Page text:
Another thing I noticed is how neutral and uncolored it sounded. Its one of the most neutral amps I’ve heard and yet not exactly a what goes in comes out kind of deal either. It has a very smooth sound that tends to make poor recordings sound a little better due to its forgiving nature. No one frequency seemed to stick out from the rest, everything blended together very coherently.
One thing this amp does lack in my opinion is detail. Maybe its bit harsh to compare it right up against the Burson but it seems fair to me, both being near the same price range and both being solid state. The Butte tends to be smooth sounding as mentioned but I find that this is so at the cost of detail. The detail is present but seems to take a backstage to things rather then presenting it to you in a proper manner. This seems to hold true across the frequency spectrum.
The smoothness I mentioned earlier also gives this amp a euphoric “Fun” sound.. I don’t know how they accomplished to both be neutral and fun at the same time but apparently its possible. If you listen to a lot of trance or anything that you might zone out on, this would be a very fun listen. It sort of just lets you transport yourself into the music.
The Butte definitely does sound-stage well, but different from a lot of amps. It has a pretty good width to the sound-stage but where it really shines is depth. It has a really accurate and large sound-stage depth for a amp in this price. I would go so far as to say that the depth is larger and more well controlled then the Burson however the width is not as wide or controlled as the Burson, so it has its trade offs.
Transparency is very good and you can clearly distinguish different instruments. You can really notice this when there is natural reverb, you can distantly and clearly hear the separation from the actual singing and the reverb of the singer. The transparency is truly great.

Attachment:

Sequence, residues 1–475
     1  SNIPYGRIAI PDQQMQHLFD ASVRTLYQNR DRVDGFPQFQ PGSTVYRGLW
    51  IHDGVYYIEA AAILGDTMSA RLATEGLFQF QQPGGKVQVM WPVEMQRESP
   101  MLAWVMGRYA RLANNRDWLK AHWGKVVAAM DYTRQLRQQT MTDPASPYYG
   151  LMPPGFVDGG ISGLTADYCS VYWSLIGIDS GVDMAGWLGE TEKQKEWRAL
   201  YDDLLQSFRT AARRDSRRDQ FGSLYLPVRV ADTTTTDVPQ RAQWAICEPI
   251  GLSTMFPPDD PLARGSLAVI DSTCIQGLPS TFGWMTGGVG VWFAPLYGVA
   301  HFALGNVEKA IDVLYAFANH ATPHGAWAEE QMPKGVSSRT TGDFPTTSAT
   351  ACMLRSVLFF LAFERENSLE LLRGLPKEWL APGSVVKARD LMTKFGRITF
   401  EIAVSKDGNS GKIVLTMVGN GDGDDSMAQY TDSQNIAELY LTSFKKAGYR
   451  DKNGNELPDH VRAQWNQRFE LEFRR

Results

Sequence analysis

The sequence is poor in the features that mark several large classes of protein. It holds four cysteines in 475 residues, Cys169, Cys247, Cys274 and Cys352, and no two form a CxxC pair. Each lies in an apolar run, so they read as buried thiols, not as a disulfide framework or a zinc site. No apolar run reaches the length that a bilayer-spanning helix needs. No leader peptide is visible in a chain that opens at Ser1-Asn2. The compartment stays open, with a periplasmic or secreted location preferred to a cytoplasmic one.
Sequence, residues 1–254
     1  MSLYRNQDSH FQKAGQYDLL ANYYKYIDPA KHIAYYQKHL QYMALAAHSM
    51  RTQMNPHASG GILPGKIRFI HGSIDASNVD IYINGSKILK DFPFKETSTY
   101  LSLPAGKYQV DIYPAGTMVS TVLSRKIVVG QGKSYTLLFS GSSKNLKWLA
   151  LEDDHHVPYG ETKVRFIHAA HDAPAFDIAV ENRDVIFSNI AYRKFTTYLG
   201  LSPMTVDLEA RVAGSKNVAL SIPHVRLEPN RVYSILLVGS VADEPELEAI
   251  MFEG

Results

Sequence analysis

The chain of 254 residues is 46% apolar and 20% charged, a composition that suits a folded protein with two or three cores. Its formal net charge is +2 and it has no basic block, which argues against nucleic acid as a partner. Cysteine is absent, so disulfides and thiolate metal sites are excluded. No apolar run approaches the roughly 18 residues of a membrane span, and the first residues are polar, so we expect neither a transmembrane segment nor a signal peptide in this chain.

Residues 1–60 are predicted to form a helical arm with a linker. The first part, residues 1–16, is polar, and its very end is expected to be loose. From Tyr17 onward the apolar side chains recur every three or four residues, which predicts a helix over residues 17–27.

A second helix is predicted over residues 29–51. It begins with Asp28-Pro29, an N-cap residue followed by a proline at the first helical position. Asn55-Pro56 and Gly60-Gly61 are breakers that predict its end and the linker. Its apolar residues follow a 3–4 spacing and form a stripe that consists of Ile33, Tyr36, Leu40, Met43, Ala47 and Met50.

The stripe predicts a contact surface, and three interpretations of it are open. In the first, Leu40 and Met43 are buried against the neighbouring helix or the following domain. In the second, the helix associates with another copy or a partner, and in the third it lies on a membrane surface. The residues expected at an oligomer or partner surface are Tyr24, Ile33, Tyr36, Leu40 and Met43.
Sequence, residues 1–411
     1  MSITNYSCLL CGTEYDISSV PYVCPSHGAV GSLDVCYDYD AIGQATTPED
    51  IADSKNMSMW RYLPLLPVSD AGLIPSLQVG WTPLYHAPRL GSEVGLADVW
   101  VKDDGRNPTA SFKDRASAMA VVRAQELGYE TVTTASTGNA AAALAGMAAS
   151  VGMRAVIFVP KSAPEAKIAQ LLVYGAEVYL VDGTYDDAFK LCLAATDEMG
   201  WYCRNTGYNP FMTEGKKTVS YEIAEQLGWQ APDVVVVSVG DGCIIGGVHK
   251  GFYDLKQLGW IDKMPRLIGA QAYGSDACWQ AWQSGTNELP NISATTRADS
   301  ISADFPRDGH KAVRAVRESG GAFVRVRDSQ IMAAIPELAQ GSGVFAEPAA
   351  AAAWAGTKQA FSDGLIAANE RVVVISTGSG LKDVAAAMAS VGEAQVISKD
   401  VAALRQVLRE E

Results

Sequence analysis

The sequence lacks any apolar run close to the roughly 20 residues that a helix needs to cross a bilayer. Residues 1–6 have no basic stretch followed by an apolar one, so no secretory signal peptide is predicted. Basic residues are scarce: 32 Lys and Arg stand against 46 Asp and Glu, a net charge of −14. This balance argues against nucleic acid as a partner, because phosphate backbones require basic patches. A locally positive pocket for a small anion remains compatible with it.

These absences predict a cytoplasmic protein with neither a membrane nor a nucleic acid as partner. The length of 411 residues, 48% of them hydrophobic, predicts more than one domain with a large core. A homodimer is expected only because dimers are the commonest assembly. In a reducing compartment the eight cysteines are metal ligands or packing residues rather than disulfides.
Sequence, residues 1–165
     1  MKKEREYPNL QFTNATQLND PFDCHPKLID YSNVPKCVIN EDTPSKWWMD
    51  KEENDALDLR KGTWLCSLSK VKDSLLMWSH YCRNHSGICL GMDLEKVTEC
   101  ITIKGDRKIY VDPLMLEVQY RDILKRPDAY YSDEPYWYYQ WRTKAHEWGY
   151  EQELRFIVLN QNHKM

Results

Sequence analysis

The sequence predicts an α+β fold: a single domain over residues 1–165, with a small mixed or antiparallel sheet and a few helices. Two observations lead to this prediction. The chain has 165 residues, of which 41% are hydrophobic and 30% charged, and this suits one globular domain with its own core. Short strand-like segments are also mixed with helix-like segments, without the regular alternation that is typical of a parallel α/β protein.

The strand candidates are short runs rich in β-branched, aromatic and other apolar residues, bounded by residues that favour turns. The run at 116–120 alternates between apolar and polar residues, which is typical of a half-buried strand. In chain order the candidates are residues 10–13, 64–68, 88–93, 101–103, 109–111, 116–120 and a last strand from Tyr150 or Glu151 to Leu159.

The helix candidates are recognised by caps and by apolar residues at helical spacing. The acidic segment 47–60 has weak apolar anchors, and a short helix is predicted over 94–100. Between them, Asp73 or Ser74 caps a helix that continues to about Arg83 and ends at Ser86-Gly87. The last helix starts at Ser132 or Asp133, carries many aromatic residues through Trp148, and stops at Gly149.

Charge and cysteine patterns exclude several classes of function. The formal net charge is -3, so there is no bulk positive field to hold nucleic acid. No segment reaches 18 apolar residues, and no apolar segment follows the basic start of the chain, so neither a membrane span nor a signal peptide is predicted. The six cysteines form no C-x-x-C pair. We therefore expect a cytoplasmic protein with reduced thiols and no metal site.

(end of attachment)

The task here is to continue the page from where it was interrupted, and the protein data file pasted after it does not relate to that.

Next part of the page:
You will never have to worry about fatigue with this amp. The treble is very mellow and a little laid back which means you’ll never have your ears pierced by screechy highs or peaks in the frequency. Honestly this has almost a tube like sound to the upper frequencies very musical, but well extended.
Very well balanced
Good sound stage depth
Neutral but fun
Bass Impact and slam
Small physical footprint
Lacks detail when compared to Burson
Slight bass roll off below 40Hz
Sound bleeding from multi inputs
Sound-Stage width not as controlled as Burson
Volume Pot too sensitive for some IEMs
This amp does a lot of things very right in my opinion. For the price I don’t think there are any amps that I’ve heard that can compete. I’ll admit I was skeptical of how this would sound seeing the wall wart and no large capacitors inside (looking at Tyll’s pictures) but wow was I impressed. It has a very different sound from the Burson 160 amp that I have and some my like it and some might not. Its more fun sounding, then the Burson yet at the same time retains extreme neutrality. Its not quite as revealing as the Burson but that can be good on poorer recordings, this is why its such a forgiving amp. Besides some slight roll off below 40Hz, the neutrality is something to be admired, not to mention the amount of impact bass notes can hit with, truly astounding. The impact is rivaled only by much more expensive amps such as some of the Eddie Current stuff. I’ve not heard a ton of amps but I’ve heard quite a few and this stacks up well against a lot of them I’ve heard, its very unassuming from the size of this unit.
Its not all peaches in cream however there are a few things I would really like to be resolved in the next version or in a update to the production units. I would love to see the multiple inputs fixed. As it stands if you want to leave two devices plugged into it you will definitely hear them even when that input is not selected. I would also like to see a hi and low gain switch on the front for more control over the volume when using IEMs. But all said and done this is magnificent amp and gets a 5/5 from me!